The Dirty Truth About What Hot Dogs Are Made Of - Net - Indir

The Dirty Truth About What Hot Dogs Are Made Of

Cheese-covered, ketchup-drenched, mustard-drenched, heaped high with chili, onions, or whatever other preferred toppings are piled on top of it… On the extensive list of American national cuisines, the hot dog is unquestionably a treasured staple. Though many people would rather not know what goes into a hot dog, an accident on I-70 in Westmoreland County, Pennsylvania last week that spilled pink slime dubbed hot dog filler all over the interstate makes one wonder what they’re really consuming.

According to ABC7NY, a tractor-trailer driver traveling at high speeds lost control of his semi-truck and the trailer carrying 15,000 pounds of hot dog filling. According to ABC, the driver’s brakes failed, resulting in pink slime pouring all over the highway. After the motorist slammed into a cluster of trees off the side of Interstate I-70, Pennsylvania State Police discovered the incident and the pink slime mess. Both the semi-truck driver and the passenger had minor injuries that were treated by medics on the scene. The motorist will be issued many citations for the brakes being fully unworkable, resulting in total lack of stopping ability, according to the police. A citation for the shattered mental image of the American summer favorite dish should also be included. This is a response to the public being reminded that hot dogs are injected with pink slime (aka hot dog filler).

Despite the pink slime incident, an estimated 818 hot dogs are consumed every second between Memorial Day and Labor Day, for a total of 7 billion hot dogs! So, how did the American hot dog get from iffy meat to pink slime as a hot dog filler? According to some historians, the first sausage was not made until the 1st century, when Gaius, Emperor Nero’s cook, stuck a knife into a roasted pig that had not been fully cleaned and the inflated, empty intestines spilled out, inspiring him to stuff the casing with ground meat and spices. The sausage made its way across Europe over the years, eventually arriving in Germany, which claims to be the birthplace of the hot dog wiener. When German immigrants arrived in the United States in the 1800s, they brought their culinary traditions with them, and one of those menu items is thought to be the first hot dogs, which were originally known as ‘dachshund sausages.’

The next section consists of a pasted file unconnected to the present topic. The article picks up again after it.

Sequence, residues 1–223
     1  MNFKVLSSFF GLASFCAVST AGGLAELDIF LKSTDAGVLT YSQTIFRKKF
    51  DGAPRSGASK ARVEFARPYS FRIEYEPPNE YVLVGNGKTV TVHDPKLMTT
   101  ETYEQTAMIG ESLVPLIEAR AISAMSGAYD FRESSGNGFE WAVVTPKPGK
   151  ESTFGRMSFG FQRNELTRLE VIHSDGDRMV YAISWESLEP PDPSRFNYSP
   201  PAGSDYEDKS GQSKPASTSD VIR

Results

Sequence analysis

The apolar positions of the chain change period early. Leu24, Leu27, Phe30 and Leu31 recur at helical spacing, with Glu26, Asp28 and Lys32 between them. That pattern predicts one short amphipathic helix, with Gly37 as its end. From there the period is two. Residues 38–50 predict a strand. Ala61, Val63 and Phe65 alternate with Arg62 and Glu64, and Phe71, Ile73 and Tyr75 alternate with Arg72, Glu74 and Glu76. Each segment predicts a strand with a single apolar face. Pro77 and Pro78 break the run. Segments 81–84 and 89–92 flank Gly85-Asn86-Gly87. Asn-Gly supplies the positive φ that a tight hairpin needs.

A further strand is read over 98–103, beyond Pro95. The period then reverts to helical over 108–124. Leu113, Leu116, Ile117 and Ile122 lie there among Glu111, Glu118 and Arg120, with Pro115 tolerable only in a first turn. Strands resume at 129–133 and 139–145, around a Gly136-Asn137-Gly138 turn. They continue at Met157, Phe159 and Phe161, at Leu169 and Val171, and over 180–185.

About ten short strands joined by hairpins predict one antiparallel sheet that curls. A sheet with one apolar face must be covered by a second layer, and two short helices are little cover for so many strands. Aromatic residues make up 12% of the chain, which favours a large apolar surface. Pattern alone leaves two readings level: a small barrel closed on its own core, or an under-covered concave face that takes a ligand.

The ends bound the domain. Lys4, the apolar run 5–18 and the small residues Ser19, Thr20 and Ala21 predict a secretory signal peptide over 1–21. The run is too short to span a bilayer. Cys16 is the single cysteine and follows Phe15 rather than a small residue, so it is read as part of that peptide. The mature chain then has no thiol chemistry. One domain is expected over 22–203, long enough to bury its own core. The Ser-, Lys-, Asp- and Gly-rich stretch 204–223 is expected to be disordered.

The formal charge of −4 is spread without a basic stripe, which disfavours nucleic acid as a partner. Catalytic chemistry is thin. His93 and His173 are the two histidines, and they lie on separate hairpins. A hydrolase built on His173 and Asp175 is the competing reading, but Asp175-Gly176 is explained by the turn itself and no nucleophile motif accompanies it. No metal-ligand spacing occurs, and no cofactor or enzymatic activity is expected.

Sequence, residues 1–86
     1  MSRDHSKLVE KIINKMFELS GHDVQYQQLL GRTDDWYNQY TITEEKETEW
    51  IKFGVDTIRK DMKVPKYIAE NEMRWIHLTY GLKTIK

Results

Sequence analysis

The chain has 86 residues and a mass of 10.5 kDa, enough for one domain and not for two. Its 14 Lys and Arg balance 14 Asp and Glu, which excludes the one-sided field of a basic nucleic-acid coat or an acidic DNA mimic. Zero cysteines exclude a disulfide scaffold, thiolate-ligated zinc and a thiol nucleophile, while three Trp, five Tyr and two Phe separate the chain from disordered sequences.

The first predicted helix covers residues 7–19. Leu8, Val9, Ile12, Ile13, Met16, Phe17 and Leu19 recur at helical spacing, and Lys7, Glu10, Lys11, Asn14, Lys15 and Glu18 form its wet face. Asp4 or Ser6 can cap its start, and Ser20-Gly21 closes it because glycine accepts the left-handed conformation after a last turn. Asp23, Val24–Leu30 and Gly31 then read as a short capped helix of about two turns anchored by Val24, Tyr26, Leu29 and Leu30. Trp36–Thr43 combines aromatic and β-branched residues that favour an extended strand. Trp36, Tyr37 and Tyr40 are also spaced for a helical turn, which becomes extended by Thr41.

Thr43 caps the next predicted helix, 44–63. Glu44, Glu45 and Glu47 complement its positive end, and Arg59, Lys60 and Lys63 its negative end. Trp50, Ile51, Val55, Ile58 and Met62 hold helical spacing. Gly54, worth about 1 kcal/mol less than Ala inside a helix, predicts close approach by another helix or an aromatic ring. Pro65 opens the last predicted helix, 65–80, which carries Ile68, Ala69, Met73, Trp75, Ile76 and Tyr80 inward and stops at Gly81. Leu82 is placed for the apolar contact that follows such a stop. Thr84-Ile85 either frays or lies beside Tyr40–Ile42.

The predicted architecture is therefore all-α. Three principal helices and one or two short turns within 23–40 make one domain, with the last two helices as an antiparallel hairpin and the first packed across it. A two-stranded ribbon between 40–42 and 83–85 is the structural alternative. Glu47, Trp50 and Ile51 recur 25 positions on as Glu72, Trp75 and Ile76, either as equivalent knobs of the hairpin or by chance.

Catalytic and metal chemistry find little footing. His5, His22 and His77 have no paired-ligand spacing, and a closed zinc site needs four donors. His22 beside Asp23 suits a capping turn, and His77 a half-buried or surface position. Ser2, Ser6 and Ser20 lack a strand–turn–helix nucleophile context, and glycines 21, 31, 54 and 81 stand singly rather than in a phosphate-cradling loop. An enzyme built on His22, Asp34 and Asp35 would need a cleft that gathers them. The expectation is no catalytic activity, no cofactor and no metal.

In the year 1870, a German immigrant called Charles Feltman is credited with becoming the first hot dog stand owner on Coney Island, selling a staggering 3,600 hot dogs in his first year. When Harry Steven, a concessionaire at the New York Giants baseball stadium, began serving them during sporting events in 1893, the hot dog had become an American classic and a crowd favorite at baseball games.

The hot dog quickly became a popular aspect of American culture as it expanded across the country. Weiners began to show up at Fourth of July celebrations and backyard barbecues. It even made an appearance on the White House menu in 1939. The King and Queen of England visited the United States for the first time that year, and FDR and his first lady, Eleanor, chose to serve the hot dog to the royal family. “How do you eat this?” the queen inquired, having never tasted one before.

Returning to the present day raises an interesting topic. Does the possibility that your favorite American summer cuisine, the hot dog, may or may not be loaded with pink slime filler make you reconsider eating them? The truth of pink slime hot dog filler has no affect on most people’s love of the American classic, the hot dog, according to many who have commented on the semi-truck story.

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